It's no secret that air travel has lost much of its glamour in recent years. But with a bit of creativity and a sunny disposition, it is possible to improve the experience. We love the industry website JohnnyJet.com, which provides info on airline deals and travel tips. Not long ago, we met up with John DiScala, creator of JohnnyJet, who graciously shared some of his tips to enhance the journey.
Johnny flies about 150,000 miles per year, and though he loves flying and being at the airport, he hates "wasted time" while there, i.e. standing in long lines at security or waiting around at baggage claim. Even if you're not a road warrior, Johnny assures us there are ways anyone can get the perks of frequent flyers.
Be sure to sign up for TSA PreCheck or Global Entry, which provides access to shorter security lines at the airport. In addition, you won't have to take off your shoes and belt or remove liquids/computers from your bags.
Most people are unaware that you can buy a day pass to airline lounges even if you are not a member. This can be a worthwhile investment if you have a layover of several hours, particularly when factoring in the complimentary snacks, soft drinks, and fast WiFi in a quiet setting. Some premium credit cards offer access to airline lounges on the day of flight. Check Johnny's site for more information.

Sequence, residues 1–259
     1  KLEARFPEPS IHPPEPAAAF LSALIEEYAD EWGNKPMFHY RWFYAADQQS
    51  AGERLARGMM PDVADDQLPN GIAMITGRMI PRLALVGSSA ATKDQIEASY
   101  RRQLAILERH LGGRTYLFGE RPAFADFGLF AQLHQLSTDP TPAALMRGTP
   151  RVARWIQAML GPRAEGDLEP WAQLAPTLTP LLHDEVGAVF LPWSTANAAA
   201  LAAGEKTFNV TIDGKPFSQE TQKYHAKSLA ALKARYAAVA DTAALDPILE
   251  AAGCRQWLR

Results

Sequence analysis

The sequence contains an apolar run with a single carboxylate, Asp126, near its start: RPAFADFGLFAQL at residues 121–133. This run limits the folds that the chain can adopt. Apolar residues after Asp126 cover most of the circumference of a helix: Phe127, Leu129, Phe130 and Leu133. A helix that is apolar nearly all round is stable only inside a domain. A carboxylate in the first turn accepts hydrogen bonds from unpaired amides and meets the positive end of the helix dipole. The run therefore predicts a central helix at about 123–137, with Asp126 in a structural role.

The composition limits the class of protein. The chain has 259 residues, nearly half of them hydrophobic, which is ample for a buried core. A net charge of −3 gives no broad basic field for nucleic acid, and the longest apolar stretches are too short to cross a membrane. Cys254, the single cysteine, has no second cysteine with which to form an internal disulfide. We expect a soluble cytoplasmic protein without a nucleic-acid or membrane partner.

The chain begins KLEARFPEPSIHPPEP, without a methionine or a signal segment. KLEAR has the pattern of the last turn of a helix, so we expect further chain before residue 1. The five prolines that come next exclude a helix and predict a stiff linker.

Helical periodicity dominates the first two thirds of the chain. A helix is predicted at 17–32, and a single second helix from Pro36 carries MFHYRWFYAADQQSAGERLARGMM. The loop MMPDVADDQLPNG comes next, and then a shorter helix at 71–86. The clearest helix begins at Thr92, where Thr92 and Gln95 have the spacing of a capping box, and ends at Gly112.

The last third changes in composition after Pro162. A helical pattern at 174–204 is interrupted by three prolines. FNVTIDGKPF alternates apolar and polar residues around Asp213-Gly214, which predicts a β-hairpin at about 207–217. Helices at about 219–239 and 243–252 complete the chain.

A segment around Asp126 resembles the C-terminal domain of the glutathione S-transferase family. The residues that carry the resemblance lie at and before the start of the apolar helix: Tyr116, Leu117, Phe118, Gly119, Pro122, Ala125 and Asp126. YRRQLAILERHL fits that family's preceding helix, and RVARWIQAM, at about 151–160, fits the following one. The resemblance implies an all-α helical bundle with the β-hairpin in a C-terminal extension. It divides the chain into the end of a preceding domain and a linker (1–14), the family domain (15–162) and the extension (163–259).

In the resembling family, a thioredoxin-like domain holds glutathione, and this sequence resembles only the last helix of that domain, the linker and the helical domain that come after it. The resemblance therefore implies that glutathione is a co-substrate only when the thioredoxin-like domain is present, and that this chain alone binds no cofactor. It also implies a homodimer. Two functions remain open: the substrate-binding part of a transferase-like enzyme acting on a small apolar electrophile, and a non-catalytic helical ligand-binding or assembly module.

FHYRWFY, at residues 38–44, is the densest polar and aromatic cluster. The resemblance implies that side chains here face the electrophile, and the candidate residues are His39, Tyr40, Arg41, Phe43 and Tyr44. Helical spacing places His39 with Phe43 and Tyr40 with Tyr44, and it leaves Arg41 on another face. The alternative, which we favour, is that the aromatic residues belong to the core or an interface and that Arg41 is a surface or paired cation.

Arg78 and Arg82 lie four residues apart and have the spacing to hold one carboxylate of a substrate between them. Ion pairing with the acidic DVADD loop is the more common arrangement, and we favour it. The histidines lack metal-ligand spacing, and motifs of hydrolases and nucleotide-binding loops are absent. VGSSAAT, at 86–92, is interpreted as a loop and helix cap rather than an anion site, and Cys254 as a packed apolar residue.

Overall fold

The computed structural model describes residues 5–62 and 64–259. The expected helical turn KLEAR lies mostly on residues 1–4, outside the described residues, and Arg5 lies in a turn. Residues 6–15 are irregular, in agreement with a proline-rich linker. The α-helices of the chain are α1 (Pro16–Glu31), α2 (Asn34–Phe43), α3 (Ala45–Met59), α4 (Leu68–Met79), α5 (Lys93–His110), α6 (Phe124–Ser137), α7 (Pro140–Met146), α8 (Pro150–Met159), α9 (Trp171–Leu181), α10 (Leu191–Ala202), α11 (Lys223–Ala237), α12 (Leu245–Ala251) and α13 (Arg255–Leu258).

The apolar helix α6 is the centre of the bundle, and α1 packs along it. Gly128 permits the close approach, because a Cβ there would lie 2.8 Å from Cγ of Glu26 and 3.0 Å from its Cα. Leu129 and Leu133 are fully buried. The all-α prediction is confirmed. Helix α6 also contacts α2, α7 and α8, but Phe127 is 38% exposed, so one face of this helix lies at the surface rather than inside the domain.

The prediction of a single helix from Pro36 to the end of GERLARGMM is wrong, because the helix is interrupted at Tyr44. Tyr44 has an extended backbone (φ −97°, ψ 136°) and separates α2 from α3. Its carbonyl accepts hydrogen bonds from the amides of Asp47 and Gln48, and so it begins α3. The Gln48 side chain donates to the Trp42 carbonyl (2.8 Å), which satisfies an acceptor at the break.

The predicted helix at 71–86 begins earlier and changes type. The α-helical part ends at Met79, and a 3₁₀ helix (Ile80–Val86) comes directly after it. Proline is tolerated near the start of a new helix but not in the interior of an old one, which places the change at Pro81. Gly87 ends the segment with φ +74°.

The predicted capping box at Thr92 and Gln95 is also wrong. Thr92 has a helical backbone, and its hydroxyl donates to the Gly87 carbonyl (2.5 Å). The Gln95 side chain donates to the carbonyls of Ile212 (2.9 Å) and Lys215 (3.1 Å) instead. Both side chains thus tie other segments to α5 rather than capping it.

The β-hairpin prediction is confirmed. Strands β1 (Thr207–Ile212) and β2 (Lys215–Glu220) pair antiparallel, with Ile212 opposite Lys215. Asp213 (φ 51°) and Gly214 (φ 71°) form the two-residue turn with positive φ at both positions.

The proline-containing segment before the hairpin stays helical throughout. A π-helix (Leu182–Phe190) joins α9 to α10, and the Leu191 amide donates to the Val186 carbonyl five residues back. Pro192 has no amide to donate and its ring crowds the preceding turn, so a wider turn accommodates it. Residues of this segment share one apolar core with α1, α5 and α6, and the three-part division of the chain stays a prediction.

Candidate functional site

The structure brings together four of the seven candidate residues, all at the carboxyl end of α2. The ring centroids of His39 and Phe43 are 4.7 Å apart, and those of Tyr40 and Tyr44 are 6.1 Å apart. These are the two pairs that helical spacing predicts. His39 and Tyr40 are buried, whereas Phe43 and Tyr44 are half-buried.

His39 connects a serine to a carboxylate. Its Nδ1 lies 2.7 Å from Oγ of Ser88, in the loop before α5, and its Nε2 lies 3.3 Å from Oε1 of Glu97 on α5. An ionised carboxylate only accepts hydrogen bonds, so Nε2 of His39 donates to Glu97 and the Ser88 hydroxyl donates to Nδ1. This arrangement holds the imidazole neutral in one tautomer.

Priority boarding means more than just getting on the plane first; it also ensures there's room to stow your bags before everyone else gets on the plane – critical these days when escalating baggage fees have prompted more people to take the carry-on option. Many airline credit cards offer this as a perk; you can also spend a bit extra for "premium coach" seating to board earlier.
Check with the gate agent to see whether there are any empty rows on the flight. You may be able to move to a seat with a little more breathing room. In rare instances, you might even get a whole row to yourself, giving you a chance to lie down and sleep on a long flight.
Above all, Johnny's motto is "always be nice" to the airline staff, both on the ground and in the air. That polite behavior can be a bright spot in a gate agent's or flight attendant's harried day. Which just might mean the difference between getting that seat in the empty row, or a full bottle of water instead of a small cup.